Iron Kingdom

2018, Religion  -  32 min Leave a Comment
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At the World Peace and Unification Sanctuary, God's kingdom on Earth can only be attained through a well armed militia. Based in Pennsylvania, this small church glories in the queasy connections between God and guns. In the wake of the Parkland massacre and other related horrors, the church has garnered intense scrutiny as a potentially damaging fringe cult. The filmmakers behind Iron Kingdom embed themselves with the group's leaders and followers to learn the truths behind their unusual worldviews.

These self-proclaimed "judges of the wicked" only recently took up arms as a means of religious expression. In December of 2017, group leader Pastor Sean Moon achieved an epiphany. The rod of iron mentioned in the Bible should be taken literally, he proposed. Thereafter, the congregation began attending blessing ceremonies with AR-15s, and bathed each sign and symbol of the church in firearm paraphernalia.

Moon's movement has its origins in Korea. It was there - several decades ago - that his father began the initial sect of the church, and soon became the target of FBI investigations and public cries of cultism.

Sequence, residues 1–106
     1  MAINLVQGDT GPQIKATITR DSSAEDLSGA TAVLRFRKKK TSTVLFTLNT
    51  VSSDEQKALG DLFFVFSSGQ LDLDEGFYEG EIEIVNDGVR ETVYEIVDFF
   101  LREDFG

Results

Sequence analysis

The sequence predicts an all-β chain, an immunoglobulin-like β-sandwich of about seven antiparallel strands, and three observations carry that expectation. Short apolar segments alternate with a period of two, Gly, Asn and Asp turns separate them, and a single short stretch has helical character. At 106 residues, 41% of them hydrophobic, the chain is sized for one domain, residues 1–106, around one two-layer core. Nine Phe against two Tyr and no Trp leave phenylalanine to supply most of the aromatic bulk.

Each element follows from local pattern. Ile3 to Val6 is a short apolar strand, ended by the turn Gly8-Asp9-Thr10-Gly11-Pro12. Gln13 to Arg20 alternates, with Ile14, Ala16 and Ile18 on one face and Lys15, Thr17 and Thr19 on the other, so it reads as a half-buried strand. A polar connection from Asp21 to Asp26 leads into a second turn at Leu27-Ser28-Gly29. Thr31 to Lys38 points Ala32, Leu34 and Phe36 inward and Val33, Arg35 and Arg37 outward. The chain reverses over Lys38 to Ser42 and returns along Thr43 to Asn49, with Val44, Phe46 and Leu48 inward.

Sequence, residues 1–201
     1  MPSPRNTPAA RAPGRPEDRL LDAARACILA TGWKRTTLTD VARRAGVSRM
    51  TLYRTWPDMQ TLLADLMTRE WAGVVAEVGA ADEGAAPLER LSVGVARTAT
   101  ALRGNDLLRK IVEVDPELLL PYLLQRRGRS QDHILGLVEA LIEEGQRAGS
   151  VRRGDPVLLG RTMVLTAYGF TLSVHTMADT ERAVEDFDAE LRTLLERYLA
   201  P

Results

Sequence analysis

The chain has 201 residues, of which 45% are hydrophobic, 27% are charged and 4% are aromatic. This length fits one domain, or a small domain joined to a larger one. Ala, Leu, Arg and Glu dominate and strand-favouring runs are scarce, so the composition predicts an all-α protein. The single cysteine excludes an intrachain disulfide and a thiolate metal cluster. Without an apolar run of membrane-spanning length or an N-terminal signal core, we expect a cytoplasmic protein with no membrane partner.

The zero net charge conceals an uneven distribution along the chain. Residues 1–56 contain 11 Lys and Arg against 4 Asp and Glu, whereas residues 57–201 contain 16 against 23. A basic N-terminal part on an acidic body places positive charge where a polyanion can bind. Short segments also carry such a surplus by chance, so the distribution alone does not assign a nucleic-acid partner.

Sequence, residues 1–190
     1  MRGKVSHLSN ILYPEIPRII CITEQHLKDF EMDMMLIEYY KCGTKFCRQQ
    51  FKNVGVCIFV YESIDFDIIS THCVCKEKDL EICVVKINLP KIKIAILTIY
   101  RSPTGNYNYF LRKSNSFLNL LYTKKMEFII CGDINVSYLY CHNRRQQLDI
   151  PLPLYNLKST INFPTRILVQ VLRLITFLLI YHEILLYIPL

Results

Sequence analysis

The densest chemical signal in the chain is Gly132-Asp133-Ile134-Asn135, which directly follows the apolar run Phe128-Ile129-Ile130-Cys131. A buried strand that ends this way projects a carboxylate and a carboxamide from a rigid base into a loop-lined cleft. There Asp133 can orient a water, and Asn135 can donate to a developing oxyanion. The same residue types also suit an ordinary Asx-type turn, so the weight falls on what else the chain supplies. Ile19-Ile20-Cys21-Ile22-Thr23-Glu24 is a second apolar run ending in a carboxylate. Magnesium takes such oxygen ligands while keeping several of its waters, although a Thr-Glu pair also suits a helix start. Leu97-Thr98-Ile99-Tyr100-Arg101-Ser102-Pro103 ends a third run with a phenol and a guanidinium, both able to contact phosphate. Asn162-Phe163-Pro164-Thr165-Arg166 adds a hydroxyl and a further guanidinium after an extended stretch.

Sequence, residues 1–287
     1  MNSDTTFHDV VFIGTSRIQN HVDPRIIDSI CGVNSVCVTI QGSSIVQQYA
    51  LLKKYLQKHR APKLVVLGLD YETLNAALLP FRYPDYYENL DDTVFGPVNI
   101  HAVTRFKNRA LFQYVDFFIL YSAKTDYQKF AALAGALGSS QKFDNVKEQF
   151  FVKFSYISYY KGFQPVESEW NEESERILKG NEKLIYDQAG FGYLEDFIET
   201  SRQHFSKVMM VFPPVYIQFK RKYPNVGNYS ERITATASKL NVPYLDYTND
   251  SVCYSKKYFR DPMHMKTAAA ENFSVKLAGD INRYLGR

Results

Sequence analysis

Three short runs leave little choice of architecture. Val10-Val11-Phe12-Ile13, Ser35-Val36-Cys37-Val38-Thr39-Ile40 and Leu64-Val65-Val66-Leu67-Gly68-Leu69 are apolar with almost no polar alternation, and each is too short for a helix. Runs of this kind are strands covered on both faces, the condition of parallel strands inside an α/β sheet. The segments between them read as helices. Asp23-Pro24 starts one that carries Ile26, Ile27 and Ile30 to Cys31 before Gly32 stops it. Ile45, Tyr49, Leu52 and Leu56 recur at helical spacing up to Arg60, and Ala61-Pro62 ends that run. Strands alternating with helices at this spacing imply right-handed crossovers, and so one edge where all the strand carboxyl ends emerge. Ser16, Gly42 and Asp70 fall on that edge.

The filmmakers speak to several members of Moon's congregation, and each assumes a note of authenticity. They scoff at the notion that they're being brainwashed. They see a world in peril - one where moral standards are in perilous decay - and they view their advocacy of the Second amendment as merely a logical extension of their faith. Love they neighbor means you must protect them at all costs.

Moon himself clearly has the markings of an eccentric showman. He wears a camouflage suit he purchased from eBay and a crown of semi-automatic shell casings, but he speaks of his church's mission in much more subdued and measured tones. He embraces the church's involvement in the political firestorms of the day, and defends himself against the charges he's currently facing from left-leaning critics.

The inner workings of the church make for an unusual, often surreal setting. Ultimately, Iron Kingdom questions Moon's motivations for suddenly aligning with the vociferous gun interests following the recent wave of high-profile mass shootings. Is he genuine in his beliefs, or are they manufactured as an incendiary device that will garner more attention to his flock?